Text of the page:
An 11th and 12th grade English teacher at Veritas Academy in Austin, Texas, Kathryn has a deep enthusiasm for classical education. As a young student, she attended a classical Christian school and enjoyed her experience so much that she jumped at the opportunity for to work at a similar school after college. Having received her undergraduate degree in English and French from the University of Texas, Kathryn was drawn to the Classical Education program at the University of Dallas because of its specific design for classical educators. As a classical educator herself, she loves how the things she is learning often apply directly to her job and how she is able to continue teaching while pursuing her studies. Read more.
Jerilyn Olson is on track to finish her Master’s degree from the University of Dallas this coming summer. Currently, she serves as the Vice President of Professional Development for Great Hearts, a network of classical charter schools in Arizona and Texas. She hopes to remain in her current position with Great Hearts for the foreseeable future and use her experience from UD both to improve her work within her own role and to encourage other students to apply to UD. She discovered UD’s unique Classical Education program because of the strong relationship between Great Hearts and University of Dallas, and she helped other teachers get connected to the program before she herself decided to take advantage of this opportunity. She describes how “it was nice to know that I could trust this institution for a strong curriculum centered on the Great Books, and I can trust those who were in the program to provide a good balance of like-mindedness and unique perspectives that would challenge my thinking.” Read more.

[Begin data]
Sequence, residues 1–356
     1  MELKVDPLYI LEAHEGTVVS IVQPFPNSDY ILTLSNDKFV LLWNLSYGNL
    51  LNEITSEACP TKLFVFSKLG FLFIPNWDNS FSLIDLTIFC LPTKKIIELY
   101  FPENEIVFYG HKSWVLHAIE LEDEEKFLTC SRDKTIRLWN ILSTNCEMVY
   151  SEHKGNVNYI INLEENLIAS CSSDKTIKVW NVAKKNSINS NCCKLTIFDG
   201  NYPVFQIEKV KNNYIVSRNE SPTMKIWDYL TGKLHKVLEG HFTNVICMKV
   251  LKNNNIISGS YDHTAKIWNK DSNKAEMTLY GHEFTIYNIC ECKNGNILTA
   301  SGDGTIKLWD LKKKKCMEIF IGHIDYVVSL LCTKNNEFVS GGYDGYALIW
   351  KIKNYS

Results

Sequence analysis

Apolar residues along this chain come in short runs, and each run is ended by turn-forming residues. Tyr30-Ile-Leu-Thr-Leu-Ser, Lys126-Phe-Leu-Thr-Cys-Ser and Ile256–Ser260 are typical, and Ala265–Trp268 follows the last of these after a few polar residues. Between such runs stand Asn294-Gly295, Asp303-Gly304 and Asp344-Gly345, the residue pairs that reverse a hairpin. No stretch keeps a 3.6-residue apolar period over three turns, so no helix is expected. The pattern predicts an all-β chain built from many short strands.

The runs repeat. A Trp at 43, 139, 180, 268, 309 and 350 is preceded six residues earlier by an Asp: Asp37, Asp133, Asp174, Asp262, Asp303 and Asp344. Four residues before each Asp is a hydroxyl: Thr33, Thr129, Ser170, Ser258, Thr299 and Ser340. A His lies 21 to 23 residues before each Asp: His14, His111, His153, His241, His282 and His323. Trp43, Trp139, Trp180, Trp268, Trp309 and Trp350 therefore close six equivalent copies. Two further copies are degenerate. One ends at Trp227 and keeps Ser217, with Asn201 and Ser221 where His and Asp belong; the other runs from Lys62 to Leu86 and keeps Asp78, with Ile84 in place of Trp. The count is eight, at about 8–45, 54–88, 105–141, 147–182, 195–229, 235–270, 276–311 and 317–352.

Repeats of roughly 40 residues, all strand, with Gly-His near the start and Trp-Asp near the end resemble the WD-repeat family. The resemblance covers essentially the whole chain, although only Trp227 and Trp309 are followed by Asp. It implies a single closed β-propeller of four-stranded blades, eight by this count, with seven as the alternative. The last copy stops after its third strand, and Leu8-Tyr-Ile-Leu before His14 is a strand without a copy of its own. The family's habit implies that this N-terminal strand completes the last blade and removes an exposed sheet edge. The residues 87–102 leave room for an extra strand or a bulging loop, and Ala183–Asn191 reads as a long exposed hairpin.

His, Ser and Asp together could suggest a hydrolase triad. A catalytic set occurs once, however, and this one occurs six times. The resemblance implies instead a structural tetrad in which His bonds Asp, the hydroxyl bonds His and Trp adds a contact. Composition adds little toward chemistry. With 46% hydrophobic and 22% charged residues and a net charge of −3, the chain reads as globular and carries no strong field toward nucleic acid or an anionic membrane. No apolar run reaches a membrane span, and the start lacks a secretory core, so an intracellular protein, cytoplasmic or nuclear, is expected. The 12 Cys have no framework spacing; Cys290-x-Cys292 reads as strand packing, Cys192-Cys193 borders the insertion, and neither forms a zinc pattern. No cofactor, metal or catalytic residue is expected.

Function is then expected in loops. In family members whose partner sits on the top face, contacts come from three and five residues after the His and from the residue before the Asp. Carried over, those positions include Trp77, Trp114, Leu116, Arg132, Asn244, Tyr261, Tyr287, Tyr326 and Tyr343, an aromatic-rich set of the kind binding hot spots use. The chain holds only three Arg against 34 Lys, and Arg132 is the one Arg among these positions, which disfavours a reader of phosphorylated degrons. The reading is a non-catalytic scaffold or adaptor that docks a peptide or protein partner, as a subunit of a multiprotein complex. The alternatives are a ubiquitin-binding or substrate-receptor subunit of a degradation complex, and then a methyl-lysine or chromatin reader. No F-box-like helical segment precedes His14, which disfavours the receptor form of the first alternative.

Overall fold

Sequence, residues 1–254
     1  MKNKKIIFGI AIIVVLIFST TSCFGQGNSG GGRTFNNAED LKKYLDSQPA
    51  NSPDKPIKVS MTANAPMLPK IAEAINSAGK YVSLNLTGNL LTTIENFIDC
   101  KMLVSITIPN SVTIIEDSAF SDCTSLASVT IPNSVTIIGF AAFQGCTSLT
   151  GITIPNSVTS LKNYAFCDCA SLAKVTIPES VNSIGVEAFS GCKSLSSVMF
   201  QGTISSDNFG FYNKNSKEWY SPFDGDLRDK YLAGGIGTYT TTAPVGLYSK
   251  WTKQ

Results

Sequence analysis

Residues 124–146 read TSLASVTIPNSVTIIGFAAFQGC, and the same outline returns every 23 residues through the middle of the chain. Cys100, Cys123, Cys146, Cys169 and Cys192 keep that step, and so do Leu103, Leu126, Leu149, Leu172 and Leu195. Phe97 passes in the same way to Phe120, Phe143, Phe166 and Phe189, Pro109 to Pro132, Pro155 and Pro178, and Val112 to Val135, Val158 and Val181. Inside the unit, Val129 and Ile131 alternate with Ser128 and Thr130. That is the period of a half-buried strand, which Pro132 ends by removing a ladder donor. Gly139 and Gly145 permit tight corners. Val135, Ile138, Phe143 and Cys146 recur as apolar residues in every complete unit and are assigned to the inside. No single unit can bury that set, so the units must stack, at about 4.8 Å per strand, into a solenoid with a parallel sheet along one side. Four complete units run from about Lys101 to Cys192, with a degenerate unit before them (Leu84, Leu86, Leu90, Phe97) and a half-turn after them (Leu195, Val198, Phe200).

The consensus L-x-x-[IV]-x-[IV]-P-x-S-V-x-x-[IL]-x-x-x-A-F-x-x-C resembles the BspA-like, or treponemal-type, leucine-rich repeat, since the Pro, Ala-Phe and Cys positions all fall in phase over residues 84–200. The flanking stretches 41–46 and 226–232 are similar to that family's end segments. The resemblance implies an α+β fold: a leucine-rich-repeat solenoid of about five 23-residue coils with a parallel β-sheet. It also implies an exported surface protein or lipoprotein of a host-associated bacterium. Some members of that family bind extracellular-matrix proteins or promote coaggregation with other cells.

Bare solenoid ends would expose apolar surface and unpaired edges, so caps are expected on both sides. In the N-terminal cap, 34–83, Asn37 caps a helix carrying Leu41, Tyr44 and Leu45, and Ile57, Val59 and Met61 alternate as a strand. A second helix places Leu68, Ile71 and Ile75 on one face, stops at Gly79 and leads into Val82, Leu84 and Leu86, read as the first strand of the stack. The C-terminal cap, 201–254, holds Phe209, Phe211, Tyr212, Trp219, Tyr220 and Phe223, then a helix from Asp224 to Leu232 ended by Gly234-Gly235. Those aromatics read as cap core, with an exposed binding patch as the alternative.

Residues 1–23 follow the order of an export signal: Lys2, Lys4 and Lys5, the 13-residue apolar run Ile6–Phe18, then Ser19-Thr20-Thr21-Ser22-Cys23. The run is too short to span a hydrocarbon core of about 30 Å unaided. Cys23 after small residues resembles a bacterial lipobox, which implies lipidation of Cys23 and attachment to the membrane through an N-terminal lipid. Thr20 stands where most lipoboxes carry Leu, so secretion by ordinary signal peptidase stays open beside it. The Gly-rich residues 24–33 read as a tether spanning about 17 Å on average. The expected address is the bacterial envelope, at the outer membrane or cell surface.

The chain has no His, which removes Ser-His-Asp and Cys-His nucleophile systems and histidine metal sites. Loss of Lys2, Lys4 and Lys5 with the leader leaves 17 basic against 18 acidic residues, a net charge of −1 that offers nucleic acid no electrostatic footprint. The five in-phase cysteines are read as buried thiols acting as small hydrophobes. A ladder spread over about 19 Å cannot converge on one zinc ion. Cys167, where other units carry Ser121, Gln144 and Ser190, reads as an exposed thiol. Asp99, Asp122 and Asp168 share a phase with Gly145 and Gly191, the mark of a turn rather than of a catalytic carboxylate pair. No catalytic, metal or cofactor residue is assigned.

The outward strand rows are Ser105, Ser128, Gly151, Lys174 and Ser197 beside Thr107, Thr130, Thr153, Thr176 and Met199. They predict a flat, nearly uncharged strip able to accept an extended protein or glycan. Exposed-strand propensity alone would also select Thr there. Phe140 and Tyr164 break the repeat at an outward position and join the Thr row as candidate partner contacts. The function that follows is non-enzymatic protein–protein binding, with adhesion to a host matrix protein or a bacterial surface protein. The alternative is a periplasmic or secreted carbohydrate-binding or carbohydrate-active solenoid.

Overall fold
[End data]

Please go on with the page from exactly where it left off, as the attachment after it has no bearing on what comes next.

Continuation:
Parker Novey only joined the Classical Education Program this summer, but he has already begun to see the effects it is having on him as a teacher. Currently, Parker teaches fourth grade at the Great Hearts Lower School in Irving, TX. It was when he made the switch to Great Hearts Irving from his previous school that his desire to continue his education in the classics was rekindled. His previous school, in New York City, although "classical" in name—Parker soon discovered—was not classical in nature. This discovery prompted him to turn to a place where true classical education was being practiced both in administrative decisions and by his fellow teachers. Read more.